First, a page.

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Practical Ways to Gain Greater Emotional Intelligence in Recovery

  • Realize that the first reaction you have to something is emotional but you don’t have to let that drive how you respond. You can choose to pause and give your brain time to execute reasoning before responding. The key is to pause. We so often react in ways that further exacerbate the negative situation. When we pause, we have an opportunity to form a response rather than react. Remember, just because you feel something doesn’t mean you should act on that feeling.  
  • Learn to identify your emotions and discern what is underneath what you are feeling. If you are feeling angry, ask what is underneath that feeling?  Perhaps your angry feeling is covering up feelings of inadequacy or feelings of distrust.  When you are engaged in a snarky interchange with someone, stop and ask yourself why you are feeling snarky?  Are you annoyed by something?  Would you prefer they asked you in a different tone?  When we identify the emotion we are feeling it raises our self-awareness which gives us the ability to manage the emotions better.  We could choose to say, “When you ask that in such a demanding tone, it’s hard to hear what you are saying” rather than responding in a snarky tone which only perpetuates the negative encounter.

  • Practice just hearing others without needing to respond. Are you really hearing what is being said or are you interpreting what is being said? It takes some practice but you can learn this skill of listening. When someone says something to you, reflect back by saying, “So you’re saying that …” in order to be sure you are hearing the message they are intending to send. For instance, your spouse says, “You need to help put the kids to bed” but you only heard “You never help around here.” If you slow down and just hear the person, you can avoid arguments.
  • Evaluate how often you are telling yourself truth rather than a perception. We can believe strongly about something even though it is not true so it is important to test everything we tell ourselves by asking, “Is that a truth or a perception?” If you say, “I don’t have any friends” it can be a depressing thought but if you ask yourself if that is a truth or a perception, you will likely learn it is just a perception.  We can manage our emotions.  A good first step is to be sure we are saying and thinking truths.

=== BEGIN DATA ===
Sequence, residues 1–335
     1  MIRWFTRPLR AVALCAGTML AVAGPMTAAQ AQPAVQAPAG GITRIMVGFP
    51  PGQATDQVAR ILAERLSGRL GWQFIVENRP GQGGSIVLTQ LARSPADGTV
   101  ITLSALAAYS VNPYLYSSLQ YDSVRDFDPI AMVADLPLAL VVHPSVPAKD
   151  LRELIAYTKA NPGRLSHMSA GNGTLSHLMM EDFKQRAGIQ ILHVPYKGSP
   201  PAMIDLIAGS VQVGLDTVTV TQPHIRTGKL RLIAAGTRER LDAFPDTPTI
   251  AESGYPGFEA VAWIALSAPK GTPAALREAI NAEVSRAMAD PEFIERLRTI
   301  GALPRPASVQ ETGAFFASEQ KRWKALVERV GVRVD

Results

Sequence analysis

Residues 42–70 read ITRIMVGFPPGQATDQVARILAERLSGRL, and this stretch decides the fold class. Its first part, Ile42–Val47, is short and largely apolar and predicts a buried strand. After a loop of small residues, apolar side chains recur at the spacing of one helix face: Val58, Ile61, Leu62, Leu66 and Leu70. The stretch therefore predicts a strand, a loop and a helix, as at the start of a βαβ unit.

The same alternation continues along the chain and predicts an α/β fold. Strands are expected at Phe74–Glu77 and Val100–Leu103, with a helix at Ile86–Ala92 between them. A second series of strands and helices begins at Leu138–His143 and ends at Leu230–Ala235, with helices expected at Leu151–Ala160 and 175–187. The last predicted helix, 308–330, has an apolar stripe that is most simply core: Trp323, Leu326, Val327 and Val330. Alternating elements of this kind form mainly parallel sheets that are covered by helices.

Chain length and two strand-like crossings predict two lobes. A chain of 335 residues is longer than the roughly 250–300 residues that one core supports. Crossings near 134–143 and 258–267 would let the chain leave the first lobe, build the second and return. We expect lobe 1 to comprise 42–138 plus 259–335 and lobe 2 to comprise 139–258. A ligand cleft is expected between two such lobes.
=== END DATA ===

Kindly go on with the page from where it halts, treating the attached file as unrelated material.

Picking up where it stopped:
• When faced with conflict, begin by seeking to understand rather than to be understood. Conflicts often bring out the worst in people. Each party wants to be heard and understood but they seldom stop to really hear and understand the other person. Stop the cycle of ineffective fighting. Choose to fully understand what the other person is saying and feeling. Identify if you can understand why they would feel that way and tell them what you hear them saying. Help them by letting them know you truly understand where they are coming from. Then ask them to hear your perspective. Then you can try to find a compromise or simply apologize for your role in the argument.
  • Watch your self-talk. We can get into a habit of telling ourselves lies or catastrophizing. Do you tell yourself, “I will never get a job” or “that you can’t ever find someone to help?” We must take responsibility for what we are telling ourselves because it will keep us stuck. It may be true that getting a job will be hard but we can’t say “it will never happen.” Try to stop using words like “always and never.”
  • Believe that you can change. So many people say they can’t control their visceral response to conflict but we know that isn’t true. When you are at home and having an argument with someone and the doorbell rings, you are likely able to change your emotions enough to treat the person at the door kindly. You can change the way you respond emotionally. It’s a choice that needs to be practiced consistently before it can become a habit. Choose to work diligently every day to combat old patterns of behaving.